Let’s face it.
Recruitment sounds easy. You try your best to reach out to the masses, get a few to the interview room, try to get to know their decades of history over 2 hours and, presto!, you have a new employee to on-board next week.
If only things are so simple.
Below are 5 warning signs that your recruitment strategy probably isn’t going work.
1. You target only active job seekers
Reaching out to a market with 2% unemployment rate yields you only that many people to begin with. And you are fighting for attention with at least 100,000 other hungry employers.
If there isn’t much value proposition that your company can offer versus others (think: free lunch, massage Friday), you are going to end up with job seekers that everyone else has gone through and rejected.
Unless the job only require a warm body to power, your new hire (if there is going to be one) probably isn’t going to turn your aspiring business into the next Facebook.
Instead, pay attention to the hidden pool of passive talents. With social media, it is easier than ever to get referrals and check out profiles that just wasn’t available previously.
2. You post ads like everyone else
If everyone is doing it, then it should be working right?
Until today, many still do not understand that job advertisements are still advertisements.
Imagine all the advertisements on YouTube or Television are the same.
Would you pay attention to anyone of them?
That is how media would evolve to if HR people are placed in marketing roles.
Instead of just mirroring what other people are writing, you have to dig deep and localize the content.
Sell the company and what it stands for. Write the job description as a daily/weekly/monthly activity schedule to reflect what it actually entails.
3. You engage too many recruitment agencies
If doubling down your bet at the blackjack table won’t work, neither would this strategy.
Agency recruiters operate on a contingency model.
And partly because of the risk that comes with it, they spread it out by taking on numerous projects at the same time.
They would much prefer to focus their time and efforts on a project that is exclusive to them versus another that require jostling with 9 other recruitment agencies.
You will end up with little results and the doubling down continues.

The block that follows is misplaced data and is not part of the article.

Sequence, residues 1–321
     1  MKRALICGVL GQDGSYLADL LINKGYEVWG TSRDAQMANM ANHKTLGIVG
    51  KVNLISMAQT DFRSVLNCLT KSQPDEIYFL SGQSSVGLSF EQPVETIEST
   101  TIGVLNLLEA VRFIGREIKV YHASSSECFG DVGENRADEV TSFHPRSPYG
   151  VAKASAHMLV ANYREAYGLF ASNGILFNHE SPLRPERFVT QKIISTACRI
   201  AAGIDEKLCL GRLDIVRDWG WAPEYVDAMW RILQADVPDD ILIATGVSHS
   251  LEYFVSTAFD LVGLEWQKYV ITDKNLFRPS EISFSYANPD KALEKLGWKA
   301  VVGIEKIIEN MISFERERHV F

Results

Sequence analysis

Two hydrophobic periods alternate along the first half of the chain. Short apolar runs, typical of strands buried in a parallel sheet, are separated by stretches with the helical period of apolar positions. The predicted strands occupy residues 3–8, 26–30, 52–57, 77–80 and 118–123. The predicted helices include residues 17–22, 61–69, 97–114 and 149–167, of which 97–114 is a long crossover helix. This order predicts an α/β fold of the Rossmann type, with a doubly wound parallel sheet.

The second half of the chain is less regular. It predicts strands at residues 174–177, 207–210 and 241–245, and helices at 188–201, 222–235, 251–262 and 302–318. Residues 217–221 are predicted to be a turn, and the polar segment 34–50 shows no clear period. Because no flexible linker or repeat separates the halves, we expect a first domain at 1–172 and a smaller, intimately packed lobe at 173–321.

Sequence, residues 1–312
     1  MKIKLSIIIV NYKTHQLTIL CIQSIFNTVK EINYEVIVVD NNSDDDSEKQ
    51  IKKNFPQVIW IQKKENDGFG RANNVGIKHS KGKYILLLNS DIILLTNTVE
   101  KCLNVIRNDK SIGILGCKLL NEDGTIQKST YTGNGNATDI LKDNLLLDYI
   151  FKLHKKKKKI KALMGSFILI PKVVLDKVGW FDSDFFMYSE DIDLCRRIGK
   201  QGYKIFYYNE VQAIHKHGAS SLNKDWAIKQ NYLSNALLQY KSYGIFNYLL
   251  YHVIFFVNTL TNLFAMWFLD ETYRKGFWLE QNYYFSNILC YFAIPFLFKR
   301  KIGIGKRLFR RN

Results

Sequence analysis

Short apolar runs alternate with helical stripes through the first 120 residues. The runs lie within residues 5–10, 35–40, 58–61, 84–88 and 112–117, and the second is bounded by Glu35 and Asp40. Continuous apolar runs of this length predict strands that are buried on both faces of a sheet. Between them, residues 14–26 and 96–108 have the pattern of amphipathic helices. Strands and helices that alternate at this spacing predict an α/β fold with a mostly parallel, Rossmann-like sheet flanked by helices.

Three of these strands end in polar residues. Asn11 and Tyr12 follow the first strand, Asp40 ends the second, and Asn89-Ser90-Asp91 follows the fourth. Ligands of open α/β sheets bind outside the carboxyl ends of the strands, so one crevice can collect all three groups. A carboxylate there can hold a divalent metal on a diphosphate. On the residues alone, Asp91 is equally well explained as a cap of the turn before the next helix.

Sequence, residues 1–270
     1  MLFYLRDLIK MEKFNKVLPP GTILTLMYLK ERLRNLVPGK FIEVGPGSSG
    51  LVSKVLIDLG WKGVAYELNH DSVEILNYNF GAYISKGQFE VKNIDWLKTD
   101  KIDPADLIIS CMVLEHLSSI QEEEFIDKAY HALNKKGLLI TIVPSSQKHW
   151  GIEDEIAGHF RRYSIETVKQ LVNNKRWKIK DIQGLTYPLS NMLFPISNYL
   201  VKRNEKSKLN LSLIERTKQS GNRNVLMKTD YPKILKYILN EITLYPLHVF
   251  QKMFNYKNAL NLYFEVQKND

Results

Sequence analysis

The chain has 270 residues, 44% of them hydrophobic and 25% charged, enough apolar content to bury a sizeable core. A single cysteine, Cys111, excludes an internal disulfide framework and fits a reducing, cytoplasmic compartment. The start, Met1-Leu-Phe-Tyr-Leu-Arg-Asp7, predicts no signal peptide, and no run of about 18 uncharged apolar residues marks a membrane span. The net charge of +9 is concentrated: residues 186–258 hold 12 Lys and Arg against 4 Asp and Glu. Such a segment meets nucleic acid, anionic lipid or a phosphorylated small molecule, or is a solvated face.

Instead of playing this mindless game, identify recruitment agencies that specializes in what you are hiring.
Give each of them an exclusive phase to work on the project.
If the first one didn’t cut it, then move on to the next agency.
This will provide you with better returns and lesser unqualified candidates that agency are taking their chances with.
4. You are targeting the same talent pool as everyone else
Of course you want to hire the young and aggressive.
They are cheaper than experienced workers and you can’t possibly recruit someone older than the hiring manager. It’s okay if they job-hop (which young people don’t).
They just has to be young.
If only legal working age is like 12.
Guess what? You are not alone.
Which is why you are seeing reports of graduates from 2014 expecting $4,000 as starting salary.
The market over-emphasis over young and aggressive has driven up their ego and price tag.
Unless you are going to pay $4,001 to outbid the rest, you probably isn’t going to see many applications.
Instead of barking up the same tree, look at neglected pool of talents that can also do the job and do it even better.
Ever seen Super Performer in your office?
They can do the job of 3 average Joes.
They might be more expensive but their efficiencies are paramount. And this is possible only with years of experience gained.
Beside, why manage 3 when you only need to manage 1.
5. Your platform isn’t mobile friendly
50% of LinkedIn traffic is coming from mobile devices.
This figure is projected to grow significantly every year. If your recruiting site isn’t mobile friendly, 50% of your visitors will just bounce off to somewhere else.
So whatever talent pool you are targeting just got diluted to half.
Given the way people are using their phone even when they are in the toilet cubicle, it make sense to cater your recruiting site snugly to the size of their devices and allow them to apply easily from their phone.
So you can receive an application even if the applicant is doing his business in the toilet. Not that you would want to know.
Time to rethink
Albert Einstein famously said “Insanity: doing the same thing over and over again and expecting different results”.
If you are still reading this, chances are your recruitment strategy is not working. Doing more doesn’t mean better results. Do better instead.